With its glitter and gloss, capitalism is a charming and seductive system which we all in part enjoy and support. It wets and satisfies our appetite making us dependent on certain things that it provides, thus, making sure we don’t pay attention to its diabolical nature. As we participate in the system and benefit from what it gives us, we become complacent; we feed and strengthen it.
The complexity and durability of this system has been brought to my attention recently when young British poet Kate Tempest participated on the Australia’s TV show “ABC Q&A” and took an opportunity to speak about the tyrannical nature of capitalism, describing it as “acceptable diabolical regime” and proclaiming it as the greatest of all evils (and that amongst the speakers such as Alyan Hirshi Ali who spoke about radicalism and war on terror). “We are in the midst of the barbarous time and it’s greed that is at the root of it,” she said arguing that the capitalism is the most terrible barbarism because it is the hardest one to detect. But, as soon as she finished her insightful and inspiring thought (or as some described it, as soon as she “dropped a truth bomb”), she was lynched on social media for being a hypocrite – biting the hand that feeds her. Kate after all lives of selling her books on the market that she criticizes. And that brings me back to the fact that we all benefit from the capitalism and thus enable it. And as such we are accused as hypocritical as soon as we try to debunk it. What is more, there is no one single person, not even a group that we could direct our condemnation towards; that we could attack and throw from the throne. Perhaps this is why there are no revolutions in modernity as envisioned by Hegel for who do we revolt against? It would have to be against our own selves.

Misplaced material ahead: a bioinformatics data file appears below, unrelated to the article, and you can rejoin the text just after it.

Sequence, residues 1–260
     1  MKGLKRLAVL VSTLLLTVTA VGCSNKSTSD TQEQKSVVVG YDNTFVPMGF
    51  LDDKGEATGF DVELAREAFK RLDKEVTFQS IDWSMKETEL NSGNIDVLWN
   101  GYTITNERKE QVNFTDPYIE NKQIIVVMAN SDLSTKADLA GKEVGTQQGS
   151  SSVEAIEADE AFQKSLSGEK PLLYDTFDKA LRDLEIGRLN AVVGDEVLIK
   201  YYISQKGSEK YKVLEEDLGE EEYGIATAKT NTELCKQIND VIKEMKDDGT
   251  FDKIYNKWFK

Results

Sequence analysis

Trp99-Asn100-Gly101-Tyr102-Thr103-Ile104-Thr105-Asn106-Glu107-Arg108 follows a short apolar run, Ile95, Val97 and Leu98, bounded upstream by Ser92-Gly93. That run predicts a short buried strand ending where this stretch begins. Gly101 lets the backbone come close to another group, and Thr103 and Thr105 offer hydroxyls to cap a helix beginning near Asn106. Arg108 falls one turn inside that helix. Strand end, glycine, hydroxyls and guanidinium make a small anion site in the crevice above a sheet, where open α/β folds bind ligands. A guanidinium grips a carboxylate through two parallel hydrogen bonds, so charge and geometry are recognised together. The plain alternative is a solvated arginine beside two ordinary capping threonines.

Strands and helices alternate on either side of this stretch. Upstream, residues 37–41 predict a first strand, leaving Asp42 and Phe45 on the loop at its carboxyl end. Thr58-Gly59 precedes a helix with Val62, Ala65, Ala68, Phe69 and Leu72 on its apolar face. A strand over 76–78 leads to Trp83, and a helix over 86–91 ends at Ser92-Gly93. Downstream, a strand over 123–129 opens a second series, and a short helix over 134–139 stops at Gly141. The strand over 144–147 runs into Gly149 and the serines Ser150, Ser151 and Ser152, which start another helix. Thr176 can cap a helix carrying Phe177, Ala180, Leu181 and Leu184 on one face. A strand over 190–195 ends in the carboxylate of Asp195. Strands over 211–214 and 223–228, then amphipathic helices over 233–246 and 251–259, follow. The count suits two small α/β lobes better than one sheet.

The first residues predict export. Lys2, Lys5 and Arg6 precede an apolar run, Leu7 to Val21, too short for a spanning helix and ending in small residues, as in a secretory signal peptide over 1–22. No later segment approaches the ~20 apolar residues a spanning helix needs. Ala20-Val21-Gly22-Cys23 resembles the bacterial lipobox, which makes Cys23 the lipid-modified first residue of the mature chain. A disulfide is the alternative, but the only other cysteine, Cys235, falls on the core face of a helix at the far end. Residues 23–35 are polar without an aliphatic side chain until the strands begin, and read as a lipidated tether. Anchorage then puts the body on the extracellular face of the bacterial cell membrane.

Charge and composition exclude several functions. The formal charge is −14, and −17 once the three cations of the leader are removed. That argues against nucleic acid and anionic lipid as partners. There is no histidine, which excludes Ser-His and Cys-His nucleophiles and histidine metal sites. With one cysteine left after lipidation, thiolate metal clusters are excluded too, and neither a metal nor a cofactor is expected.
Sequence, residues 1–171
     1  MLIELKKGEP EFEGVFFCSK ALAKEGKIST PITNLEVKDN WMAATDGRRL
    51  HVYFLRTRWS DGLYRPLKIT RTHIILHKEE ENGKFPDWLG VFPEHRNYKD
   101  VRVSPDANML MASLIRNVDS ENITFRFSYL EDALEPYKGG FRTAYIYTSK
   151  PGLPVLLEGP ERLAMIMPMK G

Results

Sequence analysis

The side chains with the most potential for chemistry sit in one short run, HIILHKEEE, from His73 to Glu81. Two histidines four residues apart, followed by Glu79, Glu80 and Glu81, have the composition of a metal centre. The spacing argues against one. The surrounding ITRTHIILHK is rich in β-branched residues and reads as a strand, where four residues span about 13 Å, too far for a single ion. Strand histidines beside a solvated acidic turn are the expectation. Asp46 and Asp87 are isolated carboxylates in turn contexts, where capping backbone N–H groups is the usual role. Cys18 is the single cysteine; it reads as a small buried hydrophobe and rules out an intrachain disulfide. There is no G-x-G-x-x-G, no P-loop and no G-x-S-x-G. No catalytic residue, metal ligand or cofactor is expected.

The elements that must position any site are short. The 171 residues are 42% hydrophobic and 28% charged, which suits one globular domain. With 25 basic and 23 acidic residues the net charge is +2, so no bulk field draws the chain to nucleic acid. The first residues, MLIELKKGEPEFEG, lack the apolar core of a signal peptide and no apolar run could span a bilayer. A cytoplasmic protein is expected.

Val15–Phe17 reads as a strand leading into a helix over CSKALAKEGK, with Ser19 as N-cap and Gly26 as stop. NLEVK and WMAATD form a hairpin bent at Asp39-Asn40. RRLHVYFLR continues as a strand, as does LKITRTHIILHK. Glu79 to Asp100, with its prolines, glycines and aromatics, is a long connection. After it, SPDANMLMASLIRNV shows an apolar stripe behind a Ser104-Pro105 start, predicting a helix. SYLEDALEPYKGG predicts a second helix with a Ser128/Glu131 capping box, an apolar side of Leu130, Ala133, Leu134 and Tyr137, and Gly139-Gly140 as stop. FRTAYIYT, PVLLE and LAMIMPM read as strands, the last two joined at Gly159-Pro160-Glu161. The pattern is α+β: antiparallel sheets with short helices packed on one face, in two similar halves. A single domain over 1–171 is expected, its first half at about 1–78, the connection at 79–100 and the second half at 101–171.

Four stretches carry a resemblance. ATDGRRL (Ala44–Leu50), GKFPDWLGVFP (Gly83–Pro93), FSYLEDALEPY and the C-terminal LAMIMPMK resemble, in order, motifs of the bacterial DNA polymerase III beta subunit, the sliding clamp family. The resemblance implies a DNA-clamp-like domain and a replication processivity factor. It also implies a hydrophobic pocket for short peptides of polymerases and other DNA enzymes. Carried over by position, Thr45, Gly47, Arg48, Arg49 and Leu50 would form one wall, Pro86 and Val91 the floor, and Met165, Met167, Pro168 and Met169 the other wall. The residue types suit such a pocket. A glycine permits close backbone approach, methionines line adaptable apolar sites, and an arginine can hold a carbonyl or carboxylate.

TEXT: Ira Ferris
[image credit: public art by Steve Lambert]